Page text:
Mr Wessels explained that it would be a massive exercise and likened the procedure to be similar to that for admittance as an attorney, such as a lack of criminal convictions and/or dishonest practices.

A member asked if South Africa would be following the US in this regard or the UK's rule of self-regulation.

Mr van Zyl responded that, while the US system was purely self-regulatory, the UK was also moving back to a system of direct regulation. The Bill proposed a hybrid of the two concepts. The licence would be issued by regulators and there would be a degree of monitoring by peers but ultimately the screening would be done through direct regulation.

A member suggested that there should be a requirement by law that licencees subscribe to an insurance policy to cover themselves for financial losses.

Mr Wessels replied that there were intensive compliance provisions in the Bill and should something occur causing the broker to become non-compliant, the Registrar would have to be informed and the broker would be taken off the roll. The testing of honesty and integrity would be difficult but would not be made onerous. This was thought appropriate as the result would have been that may people would not apply for licences if the test were to be made onerous by, for example, requiring that financial security be provided. However, the issue of honesty and integrity would be dealt with strictly.

Mr Wessels continued that the Bill further provides that representatives of Financial Services Providers (FSP) need not be licenced, however it would have to be shown that the representative was in the employ of the FSP and that the FSP accepts responsibility for the actions of the representative.

Mr Conroy (NNP) asked if the Bill would cover the so-called "pyramid" schemes.

Mr Wessels responded that to answer that question one must first go back to the beginning and answer two questions. Firstly, was there advice or an intermediary service and secondly, did it relate to a financial product. If the answers to both questions are yes, then the Bill would cover the situation. The pyramid schemes however fall under the Banks Act and are not subject to the regulations in the Bill. This was perhaps a problem that needed addressing.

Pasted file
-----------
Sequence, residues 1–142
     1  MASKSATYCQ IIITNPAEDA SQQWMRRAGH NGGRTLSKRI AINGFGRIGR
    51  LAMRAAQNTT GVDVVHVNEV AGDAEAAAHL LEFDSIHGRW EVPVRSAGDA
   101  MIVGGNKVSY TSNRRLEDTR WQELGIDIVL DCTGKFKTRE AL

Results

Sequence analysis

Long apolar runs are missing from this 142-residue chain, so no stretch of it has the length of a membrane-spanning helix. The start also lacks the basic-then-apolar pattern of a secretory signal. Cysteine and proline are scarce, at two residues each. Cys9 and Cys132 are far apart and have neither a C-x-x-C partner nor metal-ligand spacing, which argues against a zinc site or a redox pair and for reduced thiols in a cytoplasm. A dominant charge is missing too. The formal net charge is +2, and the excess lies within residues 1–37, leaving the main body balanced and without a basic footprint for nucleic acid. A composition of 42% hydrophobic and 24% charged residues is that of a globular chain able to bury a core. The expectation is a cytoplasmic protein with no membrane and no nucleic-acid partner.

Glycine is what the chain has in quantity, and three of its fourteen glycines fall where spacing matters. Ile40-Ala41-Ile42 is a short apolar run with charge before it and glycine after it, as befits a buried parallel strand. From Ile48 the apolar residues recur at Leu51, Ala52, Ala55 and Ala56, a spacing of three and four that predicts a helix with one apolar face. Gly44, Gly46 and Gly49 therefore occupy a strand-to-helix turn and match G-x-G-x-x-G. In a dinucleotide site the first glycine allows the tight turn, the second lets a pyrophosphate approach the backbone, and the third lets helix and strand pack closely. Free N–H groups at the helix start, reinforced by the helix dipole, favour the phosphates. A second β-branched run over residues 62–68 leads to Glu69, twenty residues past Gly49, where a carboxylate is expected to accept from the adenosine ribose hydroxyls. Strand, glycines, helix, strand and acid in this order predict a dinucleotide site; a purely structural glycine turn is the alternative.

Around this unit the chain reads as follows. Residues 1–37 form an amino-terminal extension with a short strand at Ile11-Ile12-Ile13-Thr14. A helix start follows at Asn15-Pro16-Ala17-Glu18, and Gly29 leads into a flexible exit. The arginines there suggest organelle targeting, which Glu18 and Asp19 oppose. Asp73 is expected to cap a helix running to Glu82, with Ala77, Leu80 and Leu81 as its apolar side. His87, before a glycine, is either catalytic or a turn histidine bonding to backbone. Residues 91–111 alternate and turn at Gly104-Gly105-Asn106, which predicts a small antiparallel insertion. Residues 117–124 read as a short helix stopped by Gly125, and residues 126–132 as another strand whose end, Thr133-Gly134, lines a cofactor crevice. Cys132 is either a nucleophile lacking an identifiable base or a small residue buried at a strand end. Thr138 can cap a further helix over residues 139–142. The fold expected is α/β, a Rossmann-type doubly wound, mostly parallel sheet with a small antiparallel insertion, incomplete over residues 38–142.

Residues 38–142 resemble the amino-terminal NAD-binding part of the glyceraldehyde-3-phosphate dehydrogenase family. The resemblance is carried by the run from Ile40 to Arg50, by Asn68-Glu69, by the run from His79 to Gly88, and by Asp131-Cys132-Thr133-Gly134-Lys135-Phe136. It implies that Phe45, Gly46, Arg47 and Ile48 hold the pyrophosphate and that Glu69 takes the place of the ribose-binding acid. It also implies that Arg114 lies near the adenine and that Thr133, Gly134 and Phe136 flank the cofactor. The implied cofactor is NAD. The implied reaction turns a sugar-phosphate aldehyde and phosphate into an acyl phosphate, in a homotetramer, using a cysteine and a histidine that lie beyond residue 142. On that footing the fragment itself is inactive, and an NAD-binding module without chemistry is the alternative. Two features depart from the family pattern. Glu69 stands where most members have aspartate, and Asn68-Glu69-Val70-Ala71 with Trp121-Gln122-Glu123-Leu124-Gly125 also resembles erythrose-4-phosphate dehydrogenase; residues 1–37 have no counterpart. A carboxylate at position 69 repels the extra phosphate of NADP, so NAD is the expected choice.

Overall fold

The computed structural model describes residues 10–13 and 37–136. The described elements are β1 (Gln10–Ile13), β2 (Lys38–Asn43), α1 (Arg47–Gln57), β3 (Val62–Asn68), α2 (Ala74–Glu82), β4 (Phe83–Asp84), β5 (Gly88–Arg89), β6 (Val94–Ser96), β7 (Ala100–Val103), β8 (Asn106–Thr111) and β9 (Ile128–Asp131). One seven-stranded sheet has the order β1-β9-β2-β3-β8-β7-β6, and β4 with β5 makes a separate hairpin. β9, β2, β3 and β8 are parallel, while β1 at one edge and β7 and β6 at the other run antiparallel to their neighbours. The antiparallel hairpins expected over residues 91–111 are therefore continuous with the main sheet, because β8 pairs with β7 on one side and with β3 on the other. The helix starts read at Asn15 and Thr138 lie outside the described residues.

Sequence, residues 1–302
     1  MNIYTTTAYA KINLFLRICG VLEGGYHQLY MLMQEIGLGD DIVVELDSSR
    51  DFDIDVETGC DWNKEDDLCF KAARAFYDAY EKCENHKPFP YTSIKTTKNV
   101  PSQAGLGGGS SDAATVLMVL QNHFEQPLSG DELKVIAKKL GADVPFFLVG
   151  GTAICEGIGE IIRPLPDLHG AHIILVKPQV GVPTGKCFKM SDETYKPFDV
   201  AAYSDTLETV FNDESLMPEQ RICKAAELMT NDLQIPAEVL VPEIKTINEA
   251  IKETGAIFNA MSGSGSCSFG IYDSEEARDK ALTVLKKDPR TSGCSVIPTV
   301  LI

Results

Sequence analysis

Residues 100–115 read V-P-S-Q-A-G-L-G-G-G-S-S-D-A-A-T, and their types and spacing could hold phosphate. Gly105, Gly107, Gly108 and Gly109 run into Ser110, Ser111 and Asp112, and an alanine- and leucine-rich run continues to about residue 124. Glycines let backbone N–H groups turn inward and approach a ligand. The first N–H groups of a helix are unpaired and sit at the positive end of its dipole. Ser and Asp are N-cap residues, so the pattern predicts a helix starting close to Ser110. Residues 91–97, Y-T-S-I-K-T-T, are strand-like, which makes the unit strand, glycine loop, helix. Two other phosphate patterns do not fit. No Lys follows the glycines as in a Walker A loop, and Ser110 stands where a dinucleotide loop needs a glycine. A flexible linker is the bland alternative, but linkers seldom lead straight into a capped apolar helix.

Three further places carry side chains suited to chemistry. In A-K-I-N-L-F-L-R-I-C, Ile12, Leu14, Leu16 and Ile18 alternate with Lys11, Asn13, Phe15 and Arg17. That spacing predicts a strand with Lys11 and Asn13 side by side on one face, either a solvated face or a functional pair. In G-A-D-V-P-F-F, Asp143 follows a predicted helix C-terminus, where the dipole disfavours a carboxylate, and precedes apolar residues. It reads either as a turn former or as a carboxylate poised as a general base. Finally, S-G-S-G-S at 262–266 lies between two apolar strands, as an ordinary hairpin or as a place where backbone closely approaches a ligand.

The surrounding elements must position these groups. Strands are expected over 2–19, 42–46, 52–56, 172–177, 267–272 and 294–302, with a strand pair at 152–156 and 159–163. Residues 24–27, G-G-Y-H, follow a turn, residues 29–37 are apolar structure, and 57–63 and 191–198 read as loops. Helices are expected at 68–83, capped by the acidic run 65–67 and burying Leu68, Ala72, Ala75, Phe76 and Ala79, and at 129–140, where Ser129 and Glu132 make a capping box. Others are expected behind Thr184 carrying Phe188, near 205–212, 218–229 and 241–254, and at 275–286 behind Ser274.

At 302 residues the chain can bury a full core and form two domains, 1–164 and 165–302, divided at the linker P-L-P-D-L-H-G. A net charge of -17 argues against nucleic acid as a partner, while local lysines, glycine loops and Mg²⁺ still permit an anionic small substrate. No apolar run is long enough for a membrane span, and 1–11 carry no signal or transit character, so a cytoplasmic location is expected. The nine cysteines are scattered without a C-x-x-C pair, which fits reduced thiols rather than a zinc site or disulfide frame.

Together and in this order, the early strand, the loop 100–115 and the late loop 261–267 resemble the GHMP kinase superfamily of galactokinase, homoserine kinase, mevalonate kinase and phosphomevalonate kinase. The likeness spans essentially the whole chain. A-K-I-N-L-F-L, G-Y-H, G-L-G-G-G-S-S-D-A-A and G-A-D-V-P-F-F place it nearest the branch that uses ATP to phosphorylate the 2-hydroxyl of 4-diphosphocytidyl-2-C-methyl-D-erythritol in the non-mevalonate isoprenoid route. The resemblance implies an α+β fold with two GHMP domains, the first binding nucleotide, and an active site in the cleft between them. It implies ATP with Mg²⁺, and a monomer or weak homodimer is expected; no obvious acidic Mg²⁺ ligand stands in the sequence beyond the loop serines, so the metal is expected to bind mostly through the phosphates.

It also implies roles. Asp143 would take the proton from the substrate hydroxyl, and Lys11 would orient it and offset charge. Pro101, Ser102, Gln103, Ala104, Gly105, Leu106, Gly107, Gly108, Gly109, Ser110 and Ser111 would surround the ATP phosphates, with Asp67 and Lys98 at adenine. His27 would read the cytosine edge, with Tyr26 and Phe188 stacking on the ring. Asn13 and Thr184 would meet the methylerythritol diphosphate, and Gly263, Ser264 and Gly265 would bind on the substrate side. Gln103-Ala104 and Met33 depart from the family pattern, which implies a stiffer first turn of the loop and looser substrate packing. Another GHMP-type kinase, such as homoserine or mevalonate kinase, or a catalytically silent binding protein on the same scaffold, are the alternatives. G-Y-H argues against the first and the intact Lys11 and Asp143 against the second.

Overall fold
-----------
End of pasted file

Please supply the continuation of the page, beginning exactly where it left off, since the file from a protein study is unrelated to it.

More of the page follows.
Moving on to methods of regulation, he said that the Bill lays down standards for the market conduct of FSPs and representatives. The Financial Services Board was almost finished with drafting Codes of Conduct in this respect.

A member was of the opinion that this was not sufficient and that there should also be a cooling off period which would allow a person to withdraw from an agreement within reasonable time. He highlighted the need to allow for the transfer of funds. In most situations the cost of withdrawing money from an investment was too high and prevented investors from withdrawing money. It was felt that regulations should be put in place to allow for the transfer of funds with no negative effects.

Mr Wessels replied that at the present time there is a provision in the Policy Holders Protection Rules, which allows for a cooling off period. It was presently being considered whether or not to apply it to other things because at the present time it only applies to insurance policies, where there has been a real problem. It was fairly easy to withdraw from other investments.

Mr van Zyl was of the opinion that it should from part of other law and it was not within the scope of the FAIS Bill.

Mr Wessels continued that the Bill provides for three pillars of compliance: compliance officers, record-keeping and proper accounting. Consumer complaints would be dealt with by an ombudsman arrangement. The Bill also provides for civil remedies, where the Registrar would bring an action against a person accused of causing loss by the persons suffering loss. Criminal sanctioning provides for a fine of up to R1 million.

A member recommended that where consumer protection was being provided for it should be done provincially so as to be more accessible to the public.

Mr Wessels remarked that, while they were not pre-empting the Committee, the process had begun to set up an ombudsman so that the position would be ready in time. The Bill was a flexible one and allows for unintended consequences to be addressed.

The rest of the meeting was not minuted. However the Committee did not make any decision on the Bill. The Committee did request documentation in terms of African countries that have similar financial advisory and intermediary services legislation.

The FFC Recommendations were not discussed because no submissions had been received from the provinces. This may be discussed on 20 August 2002.